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Currently, in the high volume centers, spine and scoliosis surgery has a very high success rate using good indications, modern techniques, modern instrumentation, and focused medical management. However, many patients with a previously operated scoliosis or spine may have had an operation with an older technique, had a newly degenerative spine next to the previous operation, or fell in to the small percentage of patients who do not heal. These can be broken down into four general categories.
Flatback syndrome or imbalance. Historically, flatback syndrome referred to the use of a Harrington rod being used to treat a lumbar or double scoliosis. In this case, the distractive properties of the Harrington rod led to loss of lumbar lordosis. Patients initially did well, but as they aged, early spine degeneration, along with loss of hip range of motion, led to progressive stooping leading to an accelerated development of disability. Progressive stooping, back pain, and sometimes leg pain from bone spurs can be issues. These problems can form 10-50 years after the initial surgery.
More recently, flatback can occur from lumbar laminectomy or fusion surgery. In these cases the timeline is usually shorter. The other issues in previously operated spines can apply as well, such as non-union, and nerve pinching.
Non-Union. Using current techniques, chance of non union after a scoliosis or spine surgery is relatively low. However, older studies show it to be 10-30%. In these cases, either in the short term or long term, there can be pain, broken rods, progressive deformity, and new nerve pinching.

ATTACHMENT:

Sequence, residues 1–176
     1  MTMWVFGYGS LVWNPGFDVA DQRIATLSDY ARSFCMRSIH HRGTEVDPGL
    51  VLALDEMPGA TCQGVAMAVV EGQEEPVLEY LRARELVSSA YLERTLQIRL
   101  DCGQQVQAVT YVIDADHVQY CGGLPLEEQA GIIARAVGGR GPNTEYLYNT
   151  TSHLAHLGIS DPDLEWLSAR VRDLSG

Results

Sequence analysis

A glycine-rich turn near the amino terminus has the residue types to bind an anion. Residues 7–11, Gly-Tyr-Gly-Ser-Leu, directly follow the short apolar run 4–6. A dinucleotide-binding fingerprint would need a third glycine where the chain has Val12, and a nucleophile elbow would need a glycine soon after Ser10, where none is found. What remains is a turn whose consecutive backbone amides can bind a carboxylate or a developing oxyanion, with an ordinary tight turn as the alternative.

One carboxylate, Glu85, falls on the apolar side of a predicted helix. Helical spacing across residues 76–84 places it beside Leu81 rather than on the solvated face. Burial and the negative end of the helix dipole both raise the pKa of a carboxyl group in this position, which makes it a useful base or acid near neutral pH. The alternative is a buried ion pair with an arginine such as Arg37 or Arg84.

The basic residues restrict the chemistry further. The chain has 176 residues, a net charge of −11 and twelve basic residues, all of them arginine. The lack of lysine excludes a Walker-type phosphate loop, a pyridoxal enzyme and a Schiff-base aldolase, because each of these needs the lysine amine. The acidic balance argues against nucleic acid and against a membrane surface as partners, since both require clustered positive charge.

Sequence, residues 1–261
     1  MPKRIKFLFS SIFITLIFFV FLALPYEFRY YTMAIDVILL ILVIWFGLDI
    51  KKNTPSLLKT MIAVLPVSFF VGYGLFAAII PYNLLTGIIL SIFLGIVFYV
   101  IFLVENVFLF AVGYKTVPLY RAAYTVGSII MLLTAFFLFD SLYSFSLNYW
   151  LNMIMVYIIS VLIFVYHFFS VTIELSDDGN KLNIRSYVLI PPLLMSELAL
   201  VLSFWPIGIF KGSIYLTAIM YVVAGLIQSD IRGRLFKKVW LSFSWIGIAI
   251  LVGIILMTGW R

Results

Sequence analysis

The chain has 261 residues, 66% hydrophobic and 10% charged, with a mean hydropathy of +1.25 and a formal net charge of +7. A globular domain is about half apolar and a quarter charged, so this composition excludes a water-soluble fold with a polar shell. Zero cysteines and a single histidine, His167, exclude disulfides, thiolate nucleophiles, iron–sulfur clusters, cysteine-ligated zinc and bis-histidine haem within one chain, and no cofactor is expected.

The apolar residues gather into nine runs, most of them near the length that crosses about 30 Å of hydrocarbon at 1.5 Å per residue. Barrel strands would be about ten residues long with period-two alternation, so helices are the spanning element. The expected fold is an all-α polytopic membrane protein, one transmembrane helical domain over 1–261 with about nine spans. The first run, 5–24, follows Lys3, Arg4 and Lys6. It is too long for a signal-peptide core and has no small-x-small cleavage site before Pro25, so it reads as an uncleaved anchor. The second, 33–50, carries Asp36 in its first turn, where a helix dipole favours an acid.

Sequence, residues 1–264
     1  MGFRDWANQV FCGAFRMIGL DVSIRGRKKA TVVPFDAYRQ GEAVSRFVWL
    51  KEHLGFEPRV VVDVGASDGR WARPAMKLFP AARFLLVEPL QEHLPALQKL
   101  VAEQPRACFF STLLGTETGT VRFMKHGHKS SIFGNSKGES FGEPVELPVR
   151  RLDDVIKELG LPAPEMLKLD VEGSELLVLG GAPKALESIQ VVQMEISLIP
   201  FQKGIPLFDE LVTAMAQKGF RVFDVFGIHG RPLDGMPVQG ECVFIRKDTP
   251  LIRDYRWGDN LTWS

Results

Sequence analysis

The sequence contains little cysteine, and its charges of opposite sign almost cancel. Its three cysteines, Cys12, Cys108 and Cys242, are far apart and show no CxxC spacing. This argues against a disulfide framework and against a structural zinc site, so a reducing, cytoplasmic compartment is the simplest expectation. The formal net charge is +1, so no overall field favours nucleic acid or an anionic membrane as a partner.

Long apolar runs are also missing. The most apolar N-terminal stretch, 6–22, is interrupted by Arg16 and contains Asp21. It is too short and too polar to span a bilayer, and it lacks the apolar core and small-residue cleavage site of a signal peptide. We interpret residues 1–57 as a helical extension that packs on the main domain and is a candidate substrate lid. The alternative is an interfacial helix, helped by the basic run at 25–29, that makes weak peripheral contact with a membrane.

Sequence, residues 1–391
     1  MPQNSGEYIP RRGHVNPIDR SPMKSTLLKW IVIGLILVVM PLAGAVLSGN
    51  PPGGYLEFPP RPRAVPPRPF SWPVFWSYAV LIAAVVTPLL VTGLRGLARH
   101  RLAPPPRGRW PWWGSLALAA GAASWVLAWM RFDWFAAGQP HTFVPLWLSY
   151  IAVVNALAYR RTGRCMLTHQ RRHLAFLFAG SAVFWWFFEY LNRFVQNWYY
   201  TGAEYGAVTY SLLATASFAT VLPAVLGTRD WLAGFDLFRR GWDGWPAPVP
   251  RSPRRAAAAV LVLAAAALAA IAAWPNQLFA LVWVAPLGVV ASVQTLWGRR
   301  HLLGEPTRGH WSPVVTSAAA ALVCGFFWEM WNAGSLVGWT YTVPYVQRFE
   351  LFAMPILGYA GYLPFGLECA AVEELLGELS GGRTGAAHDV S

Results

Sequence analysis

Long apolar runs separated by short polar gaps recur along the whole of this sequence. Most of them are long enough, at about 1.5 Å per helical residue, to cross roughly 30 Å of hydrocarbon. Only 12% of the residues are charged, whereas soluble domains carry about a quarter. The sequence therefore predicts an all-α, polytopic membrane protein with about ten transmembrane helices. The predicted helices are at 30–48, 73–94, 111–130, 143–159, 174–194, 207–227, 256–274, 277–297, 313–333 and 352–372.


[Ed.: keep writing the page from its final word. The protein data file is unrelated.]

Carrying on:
Nerve pinching/stenosis. In this situation, there is either residual nerve squeezing after the surgery or new nerve squeezing after the adjacent spine has degenerated.
Adding on, junctional syndrome: in any type of scoliosis surgery, the risk of a junctional syndrome is present. In some cases this risk is extremely small (1%) such as in a teenager or young adult with a single right thoracic curve. In other cases this is very high, due to lack of surgeon experience with level selection (Lenke 1AR curves) or difficult curve types (selective fusion in a Lenke 3C curve in a teenager or young adult or a realignment surgery such as a subtraction osteotomy in an osteoporotic patient). This risk can be minimized with the surgical experience, technique, and level choice of the physician and some medical management issues.
In each of the cases above, there are often conservative treatments to try as long as there is evidence for effectiveness and no risk of permanent damage. These include either therapy, bracing, or injections. If these fail, surgery may be necessary. The complexity of revision or repeat surgery necessitates that the surgeon make sure that the spine is aligned, the spine heals properly, and all neural elements are protected and decompressed. Experience in revision surgery, including scar dissection, revision reconstruction, and osteotomy surgery, is important in these patients.